“I’m near the end now,” he said. “If I had known it would have taken so long to tell — never mind! We got out of the wood at last, Mr. Rufus; and left it without a suspicion that we had been watched. I was prudent enough (when it was too late, you will say) to suggest to her that we had better be careful for the future. Instead of taking it seriously, she laughed. ‘Have you altered your mind, since you wrote to me?’ I asked. ‘To be sure I have,’ she said. ‘When I wrote to you I forgot the difference between your age and mine. Nothing that we do will be taken seriously. I am afraid of their laughing at me, Amelius; but I am afraid of nothing else.’ I did my best to undeceive her. I told her plainly that people unequally matched in years — women older than men, as well as men older than women — were not uncommonly married among us. The council only looked to their being well suited in other ways, and declined to trouble itself about the question of age. I don’t think I produced much effect; she seemed, for once in her life, poor thing, to be too happy to look beyond the passing moment. Besides, there was the birthday festival to keep her mind from dwelling on doubts and fears that were not agreeable to her. And the next day there was another event to occupy our attention — the arrival of the lawyer’s letter from London, with the announcement of my inheritance on coming of age. It was settled, as you know, that I was to go out into the world, and to judge for myself; but the date of my departure was not fixed. Two days later, the storm that had been gathering for weeks past burst on us — we were cited to appear before the council to answer for an infraction of the Rules. Everything that I have confessed to you, and some things besides that I have kept to myself, lay formally inscribed on a sheet of paper placed on the council table — and pinned to the sheet of paper was Mellicent’s letter to me, found in my room. I took the whole blame on myself, and insisted on being confronted with the unknown person who had informed against us. The council met this by a question:—‘Is the information, in any particular, false?’ Neither of us could deny that it was, in every particular, true. Hearing this, the council decided that there was no need, on our own showing, to confront us with the informer. From that day to this, I have never known who the spy was. Neither Mellicent nor I had an enemy in the Community. The girls who had seen us on the lake, and some other members who had met us together, only gave their evidence on compulsion — and even then they prevaricated, they were so fond of us and so sorry for us. After waiting a day, the governing body pronounced their judgment. Their duty was prescribed to them by the Rules. We were sentenced to six months’ absence from the Community; to return or not as we pleased. A hard sentence, gentlemen — whatever we may think of it — to homeless and friendless people, to the Fallen Leaves that had drifted to Tadmor. In my case it had been already arranged that I was to leave. After what had happened, my departure was made compulsory in four-and-twenty hours; and I was forbidden to return, until the date of my sentence had expired. In Mellicent’s case they were still more strict. They would not trust her to travel by herself. A female member of the Community was appointed to accompany her to the house of her married sister at New York: she was ordered to be ready for the journey by sunrise the next morning. We both understood, of course, that the object of this was to prevent our travelling together. They might have saved themselves the trouble of putting obstacles in our way.”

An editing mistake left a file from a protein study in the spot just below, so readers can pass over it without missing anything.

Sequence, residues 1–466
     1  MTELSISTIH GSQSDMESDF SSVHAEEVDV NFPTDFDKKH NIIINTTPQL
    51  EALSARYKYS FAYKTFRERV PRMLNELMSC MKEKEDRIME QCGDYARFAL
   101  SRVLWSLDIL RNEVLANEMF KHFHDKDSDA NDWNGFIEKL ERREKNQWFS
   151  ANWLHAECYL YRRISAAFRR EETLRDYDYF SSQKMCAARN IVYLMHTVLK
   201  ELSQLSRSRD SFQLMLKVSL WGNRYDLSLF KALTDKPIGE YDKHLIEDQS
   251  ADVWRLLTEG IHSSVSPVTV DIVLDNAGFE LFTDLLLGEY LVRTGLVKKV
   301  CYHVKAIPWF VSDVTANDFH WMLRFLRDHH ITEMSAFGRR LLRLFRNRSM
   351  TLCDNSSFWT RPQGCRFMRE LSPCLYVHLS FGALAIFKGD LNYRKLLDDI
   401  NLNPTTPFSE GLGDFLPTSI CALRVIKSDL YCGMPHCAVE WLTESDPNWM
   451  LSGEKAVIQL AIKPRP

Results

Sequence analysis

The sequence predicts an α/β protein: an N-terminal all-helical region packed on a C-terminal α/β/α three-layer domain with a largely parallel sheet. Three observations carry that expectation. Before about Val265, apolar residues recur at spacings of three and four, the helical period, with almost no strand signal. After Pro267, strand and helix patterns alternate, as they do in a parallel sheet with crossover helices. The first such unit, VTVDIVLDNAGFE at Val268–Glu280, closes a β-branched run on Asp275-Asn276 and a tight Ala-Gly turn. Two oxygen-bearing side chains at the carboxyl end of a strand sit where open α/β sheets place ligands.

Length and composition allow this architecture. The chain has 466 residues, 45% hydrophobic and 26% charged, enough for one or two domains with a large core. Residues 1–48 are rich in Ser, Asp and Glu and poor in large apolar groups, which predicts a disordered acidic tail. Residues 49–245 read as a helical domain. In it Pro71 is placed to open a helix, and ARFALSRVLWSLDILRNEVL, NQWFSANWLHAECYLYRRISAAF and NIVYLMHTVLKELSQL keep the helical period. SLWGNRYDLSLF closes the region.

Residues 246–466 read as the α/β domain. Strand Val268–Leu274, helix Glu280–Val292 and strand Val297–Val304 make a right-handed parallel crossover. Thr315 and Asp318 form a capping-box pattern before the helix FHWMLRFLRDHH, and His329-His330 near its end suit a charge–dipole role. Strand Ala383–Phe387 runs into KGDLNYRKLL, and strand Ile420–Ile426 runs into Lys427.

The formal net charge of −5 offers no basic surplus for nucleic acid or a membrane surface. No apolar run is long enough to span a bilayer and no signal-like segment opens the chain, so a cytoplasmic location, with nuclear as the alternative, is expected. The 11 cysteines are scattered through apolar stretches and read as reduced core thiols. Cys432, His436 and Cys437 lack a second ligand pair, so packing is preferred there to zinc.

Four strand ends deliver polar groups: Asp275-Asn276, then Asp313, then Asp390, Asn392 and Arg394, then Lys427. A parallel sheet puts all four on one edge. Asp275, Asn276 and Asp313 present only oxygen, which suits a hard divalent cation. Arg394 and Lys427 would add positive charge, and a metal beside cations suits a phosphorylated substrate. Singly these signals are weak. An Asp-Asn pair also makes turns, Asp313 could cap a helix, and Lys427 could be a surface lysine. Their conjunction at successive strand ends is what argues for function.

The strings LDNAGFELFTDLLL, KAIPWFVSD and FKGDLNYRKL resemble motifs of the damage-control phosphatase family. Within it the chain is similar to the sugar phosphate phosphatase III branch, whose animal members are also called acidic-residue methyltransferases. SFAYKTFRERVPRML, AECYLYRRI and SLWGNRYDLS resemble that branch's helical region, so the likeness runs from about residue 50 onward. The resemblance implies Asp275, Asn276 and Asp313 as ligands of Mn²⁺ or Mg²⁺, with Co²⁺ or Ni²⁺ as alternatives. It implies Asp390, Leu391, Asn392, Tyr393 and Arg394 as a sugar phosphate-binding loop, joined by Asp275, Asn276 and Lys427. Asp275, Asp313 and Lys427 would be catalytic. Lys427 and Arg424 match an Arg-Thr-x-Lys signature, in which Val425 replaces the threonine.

“So far as You were concerned, I suppose?” said Mr. Hethcote.